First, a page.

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Health, Behavior and Society

History

The Department of Health, Behavior and Society was established in the summer of 2005 with a mission dedicated to research and training that advances scientific understanding of the impact of the societal context and behavior on health.

Planning began in May 2003, when the Johns Hopkins Bloomberg School of Public Health announced that it would establish the new department with a $20 million gift from an anonymous donor. A Behavior and Health Planning Committee chaired by Dr. Scott Zeger and an External Advisory Board were formed to guide its development. During the following six months, the Planning Committee explored in depth the issues around behavior and health in a series of six symposia, Behavior at the Crossroads of Public Health. In May 2005, the School announced that David Holtgrave, PhD, a nationally recognized leader in HIV prevention and social science, would chair the new department.

With the establishment of the Department of Health, Behavior and Society, we have an historic opportunity to generate scientific findings and train future public health leaders with the real potential to change behavioral and social aspects of public health for decades to come.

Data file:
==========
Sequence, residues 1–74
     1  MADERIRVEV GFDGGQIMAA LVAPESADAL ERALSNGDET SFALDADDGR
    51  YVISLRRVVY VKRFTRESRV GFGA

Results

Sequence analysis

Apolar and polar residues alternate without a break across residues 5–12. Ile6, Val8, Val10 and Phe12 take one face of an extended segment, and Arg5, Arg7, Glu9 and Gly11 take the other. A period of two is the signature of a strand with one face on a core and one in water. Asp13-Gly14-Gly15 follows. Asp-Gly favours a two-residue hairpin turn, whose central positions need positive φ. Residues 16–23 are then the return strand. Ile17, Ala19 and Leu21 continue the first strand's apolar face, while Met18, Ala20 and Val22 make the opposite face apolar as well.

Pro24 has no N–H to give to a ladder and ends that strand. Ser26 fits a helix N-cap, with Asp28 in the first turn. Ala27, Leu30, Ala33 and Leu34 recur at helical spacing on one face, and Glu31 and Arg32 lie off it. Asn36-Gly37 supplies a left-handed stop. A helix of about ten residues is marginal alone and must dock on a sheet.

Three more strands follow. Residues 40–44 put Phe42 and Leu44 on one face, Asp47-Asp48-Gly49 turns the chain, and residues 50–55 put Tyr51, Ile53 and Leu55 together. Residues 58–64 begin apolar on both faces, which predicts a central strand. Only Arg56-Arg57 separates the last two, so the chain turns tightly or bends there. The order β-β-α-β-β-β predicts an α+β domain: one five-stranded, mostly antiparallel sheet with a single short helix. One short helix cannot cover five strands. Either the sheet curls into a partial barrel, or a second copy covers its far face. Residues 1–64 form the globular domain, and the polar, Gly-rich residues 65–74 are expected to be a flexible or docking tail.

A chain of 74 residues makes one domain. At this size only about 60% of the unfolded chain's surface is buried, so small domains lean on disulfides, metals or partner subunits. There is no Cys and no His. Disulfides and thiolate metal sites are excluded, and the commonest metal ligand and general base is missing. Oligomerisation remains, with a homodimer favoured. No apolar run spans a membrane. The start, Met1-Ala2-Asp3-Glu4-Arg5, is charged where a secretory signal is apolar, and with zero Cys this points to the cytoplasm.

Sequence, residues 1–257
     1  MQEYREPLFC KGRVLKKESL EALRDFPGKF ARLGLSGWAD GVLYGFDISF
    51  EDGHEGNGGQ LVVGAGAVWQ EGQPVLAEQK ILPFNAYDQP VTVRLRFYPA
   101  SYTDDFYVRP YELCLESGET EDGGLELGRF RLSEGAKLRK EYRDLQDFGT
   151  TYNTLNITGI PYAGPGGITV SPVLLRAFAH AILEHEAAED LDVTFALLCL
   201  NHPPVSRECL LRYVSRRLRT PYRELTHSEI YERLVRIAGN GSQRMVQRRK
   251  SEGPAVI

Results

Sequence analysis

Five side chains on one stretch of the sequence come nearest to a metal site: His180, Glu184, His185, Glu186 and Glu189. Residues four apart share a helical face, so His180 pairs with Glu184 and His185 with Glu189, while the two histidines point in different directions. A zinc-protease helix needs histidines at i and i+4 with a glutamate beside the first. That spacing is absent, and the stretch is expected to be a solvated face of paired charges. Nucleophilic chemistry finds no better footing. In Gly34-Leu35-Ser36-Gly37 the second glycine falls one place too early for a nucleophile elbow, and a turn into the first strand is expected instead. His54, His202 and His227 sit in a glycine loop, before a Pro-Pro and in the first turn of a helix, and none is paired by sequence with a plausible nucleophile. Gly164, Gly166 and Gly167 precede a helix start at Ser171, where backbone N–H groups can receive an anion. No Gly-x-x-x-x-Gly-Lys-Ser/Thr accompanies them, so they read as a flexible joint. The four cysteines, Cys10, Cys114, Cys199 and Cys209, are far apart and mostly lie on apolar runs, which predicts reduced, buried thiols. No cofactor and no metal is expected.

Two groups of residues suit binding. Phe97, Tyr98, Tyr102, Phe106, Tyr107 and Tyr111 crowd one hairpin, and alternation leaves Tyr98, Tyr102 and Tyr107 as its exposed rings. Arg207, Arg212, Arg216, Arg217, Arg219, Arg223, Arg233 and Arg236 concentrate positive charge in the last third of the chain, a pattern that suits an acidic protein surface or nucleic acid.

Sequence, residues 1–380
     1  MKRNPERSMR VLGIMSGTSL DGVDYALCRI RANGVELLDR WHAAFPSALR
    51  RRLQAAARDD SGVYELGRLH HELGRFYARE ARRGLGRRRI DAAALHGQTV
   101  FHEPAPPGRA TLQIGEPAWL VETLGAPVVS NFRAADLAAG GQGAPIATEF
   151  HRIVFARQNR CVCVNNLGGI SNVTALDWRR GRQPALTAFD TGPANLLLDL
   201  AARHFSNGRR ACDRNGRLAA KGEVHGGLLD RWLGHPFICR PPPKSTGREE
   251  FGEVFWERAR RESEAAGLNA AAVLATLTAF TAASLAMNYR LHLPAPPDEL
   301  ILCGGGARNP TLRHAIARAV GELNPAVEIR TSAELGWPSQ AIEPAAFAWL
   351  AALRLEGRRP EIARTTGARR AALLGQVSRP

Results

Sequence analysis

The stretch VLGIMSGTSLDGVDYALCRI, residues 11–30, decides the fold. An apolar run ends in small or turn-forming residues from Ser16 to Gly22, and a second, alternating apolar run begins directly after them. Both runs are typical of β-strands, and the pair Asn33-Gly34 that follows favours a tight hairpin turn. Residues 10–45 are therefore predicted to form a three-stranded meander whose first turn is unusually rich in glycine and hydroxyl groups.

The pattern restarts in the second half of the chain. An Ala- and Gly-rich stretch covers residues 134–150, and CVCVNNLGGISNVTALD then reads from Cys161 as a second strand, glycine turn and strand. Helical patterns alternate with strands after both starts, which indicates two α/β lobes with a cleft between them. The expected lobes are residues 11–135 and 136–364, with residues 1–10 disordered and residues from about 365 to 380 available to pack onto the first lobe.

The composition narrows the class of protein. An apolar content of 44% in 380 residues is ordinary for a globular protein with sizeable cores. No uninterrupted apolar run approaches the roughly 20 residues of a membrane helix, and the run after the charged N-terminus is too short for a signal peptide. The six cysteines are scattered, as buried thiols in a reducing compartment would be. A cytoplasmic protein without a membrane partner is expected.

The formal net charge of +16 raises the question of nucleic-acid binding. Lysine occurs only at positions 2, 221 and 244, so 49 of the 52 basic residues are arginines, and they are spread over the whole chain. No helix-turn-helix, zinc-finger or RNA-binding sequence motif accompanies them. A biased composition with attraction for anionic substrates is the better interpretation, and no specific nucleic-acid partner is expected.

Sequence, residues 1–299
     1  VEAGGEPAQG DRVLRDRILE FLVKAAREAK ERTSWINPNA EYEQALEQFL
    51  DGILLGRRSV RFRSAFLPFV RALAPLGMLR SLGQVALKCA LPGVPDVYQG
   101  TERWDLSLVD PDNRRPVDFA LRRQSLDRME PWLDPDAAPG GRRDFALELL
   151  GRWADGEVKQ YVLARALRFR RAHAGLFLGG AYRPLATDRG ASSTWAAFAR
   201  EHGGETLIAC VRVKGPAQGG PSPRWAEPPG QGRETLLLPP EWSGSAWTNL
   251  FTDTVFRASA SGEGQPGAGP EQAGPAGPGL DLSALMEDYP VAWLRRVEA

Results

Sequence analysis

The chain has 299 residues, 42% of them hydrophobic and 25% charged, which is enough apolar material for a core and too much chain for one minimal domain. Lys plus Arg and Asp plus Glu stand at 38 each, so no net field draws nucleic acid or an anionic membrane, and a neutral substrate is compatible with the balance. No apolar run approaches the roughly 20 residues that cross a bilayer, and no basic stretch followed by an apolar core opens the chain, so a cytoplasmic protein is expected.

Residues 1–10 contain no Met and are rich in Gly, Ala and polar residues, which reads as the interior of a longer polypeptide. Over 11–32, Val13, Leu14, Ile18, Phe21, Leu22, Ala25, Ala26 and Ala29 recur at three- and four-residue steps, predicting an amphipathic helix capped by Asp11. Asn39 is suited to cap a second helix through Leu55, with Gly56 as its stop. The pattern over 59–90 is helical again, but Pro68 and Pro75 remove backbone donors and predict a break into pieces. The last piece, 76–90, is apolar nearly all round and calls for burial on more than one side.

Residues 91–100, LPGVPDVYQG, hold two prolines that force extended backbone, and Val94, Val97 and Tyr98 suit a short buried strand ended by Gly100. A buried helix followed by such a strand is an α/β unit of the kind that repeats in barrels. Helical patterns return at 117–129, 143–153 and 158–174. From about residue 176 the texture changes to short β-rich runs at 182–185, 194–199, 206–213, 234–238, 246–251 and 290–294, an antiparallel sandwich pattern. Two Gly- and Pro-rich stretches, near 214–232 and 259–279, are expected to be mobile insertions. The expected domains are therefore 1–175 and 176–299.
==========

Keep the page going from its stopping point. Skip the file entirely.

— David Holtgrave, PhD, Professor and Chair

Thanks to our first-rate faculty and students, the Department of Health, Behavior and Society continues to grow in terms of number of courses, number of projects and reputation.

On July 1, 2005, 20 faculty members transferred into the Department. We now have 50 full-time faculty members, as well as 111 part-time, 50 adjunct, and 58 jointly appointed faculty, including leaders in the behavioral and social sciences and public health. The number of graduate students being trained in HBS has grown from the 40 students who initially transferred into the new department to more than 110 students during the 2015-2016 academic year. 

In the eleven years since its founding, Health, Behavior and Society faculty members have established a body of research on par with peer departments nationwide—as of October 2016, they have published a total of more than 1,800 peer-reviewed manuscripts.

The Department has also established an exceptional record of providing scientific input to key decision-makers from the President to Congress to state health departments to local community-based organizations to the private sector.